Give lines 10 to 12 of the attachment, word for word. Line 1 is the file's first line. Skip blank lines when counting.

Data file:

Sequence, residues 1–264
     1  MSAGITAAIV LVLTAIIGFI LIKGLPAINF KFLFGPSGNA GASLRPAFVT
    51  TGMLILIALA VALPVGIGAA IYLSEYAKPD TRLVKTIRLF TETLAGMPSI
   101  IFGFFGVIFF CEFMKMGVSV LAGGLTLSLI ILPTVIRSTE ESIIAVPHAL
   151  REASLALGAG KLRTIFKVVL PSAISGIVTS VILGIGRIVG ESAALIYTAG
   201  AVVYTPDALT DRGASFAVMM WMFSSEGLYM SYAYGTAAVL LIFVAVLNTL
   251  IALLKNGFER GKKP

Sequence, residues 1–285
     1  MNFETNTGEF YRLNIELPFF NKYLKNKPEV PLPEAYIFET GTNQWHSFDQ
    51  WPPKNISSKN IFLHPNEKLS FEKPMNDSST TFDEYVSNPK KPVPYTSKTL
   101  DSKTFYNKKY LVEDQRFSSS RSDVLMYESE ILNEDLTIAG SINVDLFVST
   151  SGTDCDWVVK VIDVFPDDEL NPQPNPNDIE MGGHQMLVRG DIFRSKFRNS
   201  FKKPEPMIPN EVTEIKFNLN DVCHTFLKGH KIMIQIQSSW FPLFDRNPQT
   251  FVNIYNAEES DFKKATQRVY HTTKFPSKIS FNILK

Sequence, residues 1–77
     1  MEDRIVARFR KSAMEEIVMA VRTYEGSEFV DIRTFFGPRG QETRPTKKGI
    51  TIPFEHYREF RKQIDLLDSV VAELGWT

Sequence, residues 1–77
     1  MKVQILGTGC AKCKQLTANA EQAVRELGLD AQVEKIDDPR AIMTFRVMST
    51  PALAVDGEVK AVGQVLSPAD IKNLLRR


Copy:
    51  WPPKNISSKN IFLHPNEKLS FEKPMNDSST TFDEYVSNPK KPVPYTSKTL
   101  DSKTFYNKKY LVEDQRFSSS RSDVLMYESE ILNEDLTIAG SINVDLFVST
   151  SGTDCDWVVK VIDVFPDDEL NPQPNPNDIE MGGHQMLVRG DIFRSKFRNS